2.4. Post-Operative Management and Rehabilitation
A posterior splint was applied for the next 2 weeks. Sutures were removed during the second week follow up visit (Fig. 7). Then, a removable short-leg cast was applied in the compliant patient with non-weight bearing for 10 weeks. In noncompliant patients, non-removable short leg casts were required for a period of 10 weeks. Weight bearing as tolerated was resumed if radiological (Figs. 4 C, D and 6 C, D) and clinical union was observed at arthrodesis site (Fig. 8). In case II, Ilizarov frame was removed 6 weeks after operation, when early union signs were observed at arthrodesis sites on radiographic assessment. After cast removal, the patients were taught to practice standing position, weight shift, and small periods of walking followed by increased time of walking distance 12 weeks postoperatively. Balance and proprioceptive exercises were also begun. Scar massage, heat application, and joint mobilization to unfused joints were initiated. Progressive strengthening of hip, knee and ankle along with core strengthening exercises was also encouraged.
|Fig. (7). Deformity correction following Lambrinudi and ankle arthrodesis: (A) lateral and (B) medial views.|
Patient’s deformity correction in the present study was not completely perfect. However, each patient demonstrated improved outcomes in terms of acceptable plantigrade foot and ankle alignment with reduced risk of potential future pressure ulcer. The overall results showed improved Thai Visual Analog Scale Foot and Ankle (VAS-FA) (mean preoperative VAS-FA: 37; postoperative VAS-FA: 47.4), and Health-related Quality of Life via Thai Short-Form 36 (SF-36) scores (mean preoperative SF-36: 64.6; postoperative SF-36: 76.5) [10, 11]. There was a correlation between VAS-FA and SF-36 scores (Pearson Correlation Coefficient (r) = 0.684; P-value = 0.520). Patients in the present report did not report any significant complications during the latest follow-up. The mean follow-up time was 26 months. The similar guideline was also preliminarily applied in the senior authors’ previous study by Manggala et al. , in which residual foot-ankle deformity /injury was corrected in 14 patients. The overall result was satisfied in terms of foot and ankle outcome and quality of life scores. The authors believe that the modified guideline in this report has the potential and advantages in the management of challenging equinocavovarus deformities in the orthopedic practice.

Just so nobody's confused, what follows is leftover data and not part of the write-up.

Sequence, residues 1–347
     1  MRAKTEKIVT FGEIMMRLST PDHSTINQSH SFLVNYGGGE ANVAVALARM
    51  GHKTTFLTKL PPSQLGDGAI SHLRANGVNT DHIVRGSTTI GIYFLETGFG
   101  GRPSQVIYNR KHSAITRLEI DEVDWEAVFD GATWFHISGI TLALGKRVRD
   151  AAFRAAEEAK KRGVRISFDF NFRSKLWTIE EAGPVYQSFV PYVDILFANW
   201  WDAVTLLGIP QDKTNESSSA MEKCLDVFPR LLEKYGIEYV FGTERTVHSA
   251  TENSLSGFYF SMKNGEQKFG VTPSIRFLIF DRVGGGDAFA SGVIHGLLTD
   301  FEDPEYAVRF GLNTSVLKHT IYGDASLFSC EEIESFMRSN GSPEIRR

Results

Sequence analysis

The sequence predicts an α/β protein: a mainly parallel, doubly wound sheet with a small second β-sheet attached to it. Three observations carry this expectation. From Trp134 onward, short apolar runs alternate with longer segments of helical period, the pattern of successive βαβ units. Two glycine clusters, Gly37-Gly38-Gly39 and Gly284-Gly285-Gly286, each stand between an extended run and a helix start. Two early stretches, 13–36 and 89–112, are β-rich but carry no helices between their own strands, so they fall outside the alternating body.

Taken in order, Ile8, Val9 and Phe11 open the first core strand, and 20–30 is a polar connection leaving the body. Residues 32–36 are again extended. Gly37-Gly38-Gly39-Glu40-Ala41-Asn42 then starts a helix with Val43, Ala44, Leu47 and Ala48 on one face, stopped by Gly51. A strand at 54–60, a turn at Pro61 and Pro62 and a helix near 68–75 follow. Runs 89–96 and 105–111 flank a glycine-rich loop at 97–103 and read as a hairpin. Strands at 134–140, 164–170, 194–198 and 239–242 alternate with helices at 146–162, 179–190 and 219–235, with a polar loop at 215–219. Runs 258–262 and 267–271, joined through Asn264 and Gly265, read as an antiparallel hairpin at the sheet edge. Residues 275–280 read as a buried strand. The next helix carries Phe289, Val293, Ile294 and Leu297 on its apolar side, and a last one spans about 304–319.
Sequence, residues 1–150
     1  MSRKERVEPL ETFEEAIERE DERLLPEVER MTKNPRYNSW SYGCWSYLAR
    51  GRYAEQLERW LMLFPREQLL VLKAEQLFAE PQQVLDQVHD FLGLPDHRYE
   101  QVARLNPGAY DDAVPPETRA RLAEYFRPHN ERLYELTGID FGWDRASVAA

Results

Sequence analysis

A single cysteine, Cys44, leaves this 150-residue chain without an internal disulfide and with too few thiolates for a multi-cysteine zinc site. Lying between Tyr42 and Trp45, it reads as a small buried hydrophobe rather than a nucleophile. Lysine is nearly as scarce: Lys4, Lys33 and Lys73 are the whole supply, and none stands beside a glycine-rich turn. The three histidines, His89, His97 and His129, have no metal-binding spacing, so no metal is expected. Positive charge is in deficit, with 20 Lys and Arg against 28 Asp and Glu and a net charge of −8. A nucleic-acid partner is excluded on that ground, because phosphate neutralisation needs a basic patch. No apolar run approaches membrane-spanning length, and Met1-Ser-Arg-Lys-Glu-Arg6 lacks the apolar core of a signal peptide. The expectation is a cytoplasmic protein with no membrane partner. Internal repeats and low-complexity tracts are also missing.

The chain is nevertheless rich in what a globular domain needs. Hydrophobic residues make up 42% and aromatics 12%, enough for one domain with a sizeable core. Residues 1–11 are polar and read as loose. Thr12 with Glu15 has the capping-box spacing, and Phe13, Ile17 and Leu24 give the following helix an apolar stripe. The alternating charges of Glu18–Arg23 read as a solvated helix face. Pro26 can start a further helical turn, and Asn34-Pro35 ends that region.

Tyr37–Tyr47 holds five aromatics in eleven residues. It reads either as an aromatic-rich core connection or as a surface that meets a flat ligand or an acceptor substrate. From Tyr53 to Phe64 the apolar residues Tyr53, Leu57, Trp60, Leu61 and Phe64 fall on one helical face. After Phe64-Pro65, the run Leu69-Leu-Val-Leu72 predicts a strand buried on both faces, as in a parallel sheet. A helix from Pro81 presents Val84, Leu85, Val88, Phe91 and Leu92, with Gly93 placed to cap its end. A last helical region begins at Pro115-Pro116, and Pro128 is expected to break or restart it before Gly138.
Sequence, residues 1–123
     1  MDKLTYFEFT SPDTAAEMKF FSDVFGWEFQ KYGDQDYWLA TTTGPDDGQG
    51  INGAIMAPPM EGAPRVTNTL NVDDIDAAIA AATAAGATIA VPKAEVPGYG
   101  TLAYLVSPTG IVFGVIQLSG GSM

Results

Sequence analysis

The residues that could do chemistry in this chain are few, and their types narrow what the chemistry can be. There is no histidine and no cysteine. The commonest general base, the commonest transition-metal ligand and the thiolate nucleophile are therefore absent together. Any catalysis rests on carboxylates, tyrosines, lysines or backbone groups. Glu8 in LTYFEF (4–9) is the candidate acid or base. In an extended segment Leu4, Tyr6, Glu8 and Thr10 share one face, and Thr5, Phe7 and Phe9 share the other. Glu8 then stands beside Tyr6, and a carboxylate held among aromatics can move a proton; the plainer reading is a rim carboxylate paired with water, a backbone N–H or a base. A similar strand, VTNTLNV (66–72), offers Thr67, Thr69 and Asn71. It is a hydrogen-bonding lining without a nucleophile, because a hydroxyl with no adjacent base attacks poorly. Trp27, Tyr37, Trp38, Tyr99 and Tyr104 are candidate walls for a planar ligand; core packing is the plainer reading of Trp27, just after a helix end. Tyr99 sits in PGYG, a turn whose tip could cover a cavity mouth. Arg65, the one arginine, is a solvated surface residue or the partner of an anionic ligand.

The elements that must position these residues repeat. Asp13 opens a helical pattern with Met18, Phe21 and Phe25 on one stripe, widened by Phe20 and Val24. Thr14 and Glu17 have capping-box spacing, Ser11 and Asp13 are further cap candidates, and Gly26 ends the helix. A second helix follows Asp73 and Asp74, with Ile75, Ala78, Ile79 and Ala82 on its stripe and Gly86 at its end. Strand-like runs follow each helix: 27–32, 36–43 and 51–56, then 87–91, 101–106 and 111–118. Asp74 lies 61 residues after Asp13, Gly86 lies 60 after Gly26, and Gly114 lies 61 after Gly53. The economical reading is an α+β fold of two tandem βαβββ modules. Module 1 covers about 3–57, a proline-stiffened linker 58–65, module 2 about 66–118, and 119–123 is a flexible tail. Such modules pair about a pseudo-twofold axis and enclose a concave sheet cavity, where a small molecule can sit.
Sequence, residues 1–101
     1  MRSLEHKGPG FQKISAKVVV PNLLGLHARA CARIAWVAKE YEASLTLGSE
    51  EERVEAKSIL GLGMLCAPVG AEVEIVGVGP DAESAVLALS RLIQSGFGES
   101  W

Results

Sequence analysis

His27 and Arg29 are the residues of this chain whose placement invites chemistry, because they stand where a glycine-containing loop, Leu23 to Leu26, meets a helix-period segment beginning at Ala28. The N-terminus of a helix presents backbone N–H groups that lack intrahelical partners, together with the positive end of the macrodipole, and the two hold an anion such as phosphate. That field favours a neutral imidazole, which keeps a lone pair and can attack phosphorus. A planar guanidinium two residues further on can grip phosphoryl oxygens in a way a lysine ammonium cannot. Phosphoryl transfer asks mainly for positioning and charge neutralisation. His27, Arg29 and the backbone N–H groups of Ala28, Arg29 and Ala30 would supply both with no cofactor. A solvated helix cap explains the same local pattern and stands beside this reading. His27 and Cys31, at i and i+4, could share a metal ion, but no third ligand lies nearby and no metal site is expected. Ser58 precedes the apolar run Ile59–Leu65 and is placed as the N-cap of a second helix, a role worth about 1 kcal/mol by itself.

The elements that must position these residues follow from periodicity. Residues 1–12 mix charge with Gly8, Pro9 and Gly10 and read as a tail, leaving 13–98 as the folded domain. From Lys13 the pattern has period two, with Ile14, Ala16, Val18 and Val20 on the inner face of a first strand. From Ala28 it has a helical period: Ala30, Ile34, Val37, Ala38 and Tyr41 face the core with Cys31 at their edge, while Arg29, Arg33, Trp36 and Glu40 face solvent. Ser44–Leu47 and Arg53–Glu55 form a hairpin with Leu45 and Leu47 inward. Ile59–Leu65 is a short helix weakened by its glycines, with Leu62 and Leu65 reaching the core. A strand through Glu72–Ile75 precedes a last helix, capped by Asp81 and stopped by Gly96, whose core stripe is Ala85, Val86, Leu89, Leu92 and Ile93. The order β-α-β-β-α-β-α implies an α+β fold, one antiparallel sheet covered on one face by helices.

Multiplanar equinocavovarus foot and ankle deformities in neuromuscular disorders are associated with or without severe joint stiffness, osteoarthritis, and soft-tissue contracture and pose a significant challenge to the use of conventional correction methods especially in the long-term condition.
|Fig. (8). Weight bearing images of case II following deformity correction showing supple, painless, plantigrade foot.|
In the first patient, REF was used to provide gradual correction of irreducible equinus before definitive Lambrinudi and ankle arthrodesis. Because of long term deformity in the first patient, the soft tissues around the ankle became stagnated due to which it was difficult to achieve optimal overall correction and we accepted the plantigrade position. In the second patient, REF was used to prevent the recurrence of equinus and maintain alignment. The second case had significant spasticity of all posterior compartment muscles resulting in long-term deformity. Despite soft tissue release, there was continuous spasticity of the remaining posterior muscles . Thus, there was a risk of recurrent equinus in the splint postoperatively even after performing Lambrinudi and triple arthrodesis. Hence, REF construct was augmented to nullify the effect of muscle spasticity and maintain the alignment of foot, thus providing additional compression with lower complications [6, 12].